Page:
Search Results

Search results for "origin and distribution of a bee"

Results 41 - 60 of 323Page 3 of 17
Sorted by: Date | Sort by: RelevanceResults per-page: 10 | 20 | 50 | All

Bee Improvement Strategies

[…]to Improve our bees and to produce queens. There are a few key choices depending on your aims, capacity (time and equipment) and capabilities. I’m assuming the reader is looking for a bee that is native and/or locally adapted. Kevin […]

LVCB Breeding Group-LA1

[…]low intervention, bee-centric approach to beekeeping. With a Club apiary in Lancaster our main area of operation is the lower Lune Valley and the surrounding areas. We have just set up a breeding apiary with the objectives of providing a source of healthy, dark, docile bees, well suited to our very local environment. For more information please contact : Fred […]

NatBIP News No 7

[…]‘pest and disease resistant’,  ‘good-tempered’ and ‘productive’ bees, or whatever characteristics we value. The beauty of bee improvement is that we can select for the qualities that we want and are not merely subject to accepting the bee breeder’s choice, with bees often designed for warmer, more settled climates. BIBBA has been preaching this message for years but detractors either […]

Colony Increase – The Roger Patterson Method

[…]makes colony increase a very easy and attainable process.I’m kicking myself that this wasn’t available at the beginning of the year as it’s just what was needed, so no guesses what I’ll be encouraging our association to do for our new bee keeping entrants. Roger explains everything very pragmatically and makes no drama of the process, or needing piles of […]
Read more » Colony Increase – The Roger Patterson Method

NatBIP News No6

[…]try to impose an exotic strain on to our local bee population, but we would always be pushing against nature’s preferred route and that would make our task all the more difficult. The easiest way to make sustainable progress is to combine the demands of nature with the demands of the beekeeper. This is achieved by avoiding exotic imports and […]

BIBBA Monthly – June 2021

[…]can become more sustainable as the honey bees that are already on the Isles become increasingly adapted to their environment. But the Project is much more than just about beekeeping. It will look at the available forage for all types of bee: honey, bumble and solitary. The first year is all about getting a baseline – flora and fauna, what […]

Bee Improvement Days 2021

[…]bees, with emphasis on suitability to the environment, docility, calmness on the comb, ease of management, good use of stores, etc. The improvement of bees is an important and interesting part of beekeeping. The suitability of bees to the environment and their temper are issues that concern the caring beekeeper, but are not often taught. This course will cover many […]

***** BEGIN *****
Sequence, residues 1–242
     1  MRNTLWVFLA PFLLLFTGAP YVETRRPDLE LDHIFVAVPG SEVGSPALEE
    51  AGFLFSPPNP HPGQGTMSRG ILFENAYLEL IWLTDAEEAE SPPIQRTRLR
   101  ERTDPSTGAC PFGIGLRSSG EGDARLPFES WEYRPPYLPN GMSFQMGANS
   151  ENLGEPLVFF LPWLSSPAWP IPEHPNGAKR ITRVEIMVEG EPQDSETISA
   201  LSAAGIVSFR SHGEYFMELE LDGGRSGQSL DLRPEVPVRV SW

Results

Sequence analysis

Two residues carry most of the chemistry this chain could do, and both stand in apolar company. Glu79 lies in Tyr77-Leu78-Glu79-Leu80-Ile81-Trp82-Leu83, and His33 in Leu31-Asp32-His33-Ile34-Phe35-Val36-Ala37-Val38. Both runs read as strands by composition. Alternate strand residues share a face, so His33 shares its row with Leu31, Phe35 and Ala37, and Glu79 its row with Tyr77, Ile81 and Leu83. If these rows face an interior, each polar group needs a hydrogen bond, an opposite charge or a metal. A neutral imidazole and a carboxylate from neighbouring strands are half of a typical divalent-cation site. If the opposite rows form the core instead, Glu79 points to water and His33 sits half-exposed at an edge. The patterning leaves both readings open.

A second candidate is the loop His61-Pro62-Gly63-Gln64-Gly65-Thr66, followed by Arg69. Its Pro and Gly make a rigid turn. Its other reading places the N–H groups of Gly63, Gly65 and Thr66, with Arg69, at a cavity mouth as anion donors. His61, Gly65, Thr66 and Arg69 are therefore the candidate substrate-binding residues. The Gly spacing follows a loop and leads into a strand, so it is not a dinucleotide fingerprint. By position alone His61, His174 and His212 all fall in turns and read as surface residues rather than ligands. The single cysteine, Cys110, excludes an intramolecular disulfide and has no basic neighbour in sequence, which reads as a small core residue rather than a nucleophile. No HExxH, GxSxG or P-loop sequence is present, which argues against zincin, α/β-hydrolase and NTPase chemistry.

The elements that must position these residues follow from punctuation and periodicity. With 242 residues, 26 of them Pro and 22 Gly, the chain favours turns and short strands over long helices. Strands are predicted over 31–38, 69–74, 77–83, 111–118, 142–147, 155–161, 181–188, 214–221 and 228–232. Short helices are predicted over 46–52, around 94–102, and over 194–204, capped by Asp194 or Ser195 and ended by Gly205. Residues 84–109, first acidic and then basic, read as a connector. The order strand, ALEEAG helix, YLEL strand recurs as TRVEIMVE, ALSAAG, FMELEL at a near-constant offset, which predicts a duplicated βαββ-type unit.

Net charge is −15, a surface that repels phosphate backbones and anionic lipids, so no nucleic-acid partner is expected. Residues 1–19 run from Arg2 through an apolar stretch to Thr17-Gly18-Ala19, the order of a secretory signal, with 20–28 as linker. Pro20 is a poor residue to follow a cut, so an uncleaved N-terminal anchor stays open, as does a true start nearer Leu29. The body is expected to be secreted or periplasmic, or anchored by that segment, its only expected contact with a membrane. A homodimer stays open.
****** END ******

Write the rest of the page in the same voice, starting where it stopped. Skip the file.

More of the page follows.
North Devon Bee Improvement Group-EX32

North Devon Group operating from an apiary on the outskirts of Barnstaple as part of the North Devon Beekeepers Association. Initially, we will be developing our skills to become self-sufficient in producing Queens and colonies for our teaching programme and as a source of local bees for beginners. In the long term we would be excited to part of the […]

NatBIP News No5

[…]Cornwall, where I am, the Spring season is usually good for bees, with plenty of nectar and pollen available. This season was quite different being cold and dry through April to the point of there being almost no nectar available, followed by a cool and wet May, which allowed the bees little chance to get out. The result was, for […]

NatBIP News No4

Sustainable beekeeping: Local adaptation and the native sub-species DEFRA’s response to the 10,000+ signatories opposed to the import of package bees, through the loophole of trade between Northern Ireland and Britain, has just been announced. It seems they have gone back on their assurances, made in February, that only queens, and not packages of bees, can be imported from Europe. […]

West Linton BKA-EH46

Midlothian group helping local beekeepers and novices start beekeeping and bee improvement. Our intention is to lend a colony bees to each new beekeeper that joins us, from which they can, with our assistance, breed new colonies both for themselves and to repay their debt. For further information please contact: […]

East Midlands 1998

[…]of cut comb containers for candy. Ron Brown in his excellent little book on managing Apidea mini-nucs advocates the use of cut comb containers for candy. These just nicely fit into the feed compartments of the mini-nuc. The idea being that these are used as a magazine type of replacement, take an empty one out and slot a full one […]

Recommended YouTube Videos

[…]and make adjustments based on their own knowledge and experience. Beginners Pests and Diseases Management techniques Queen rearing and bee improvement General […]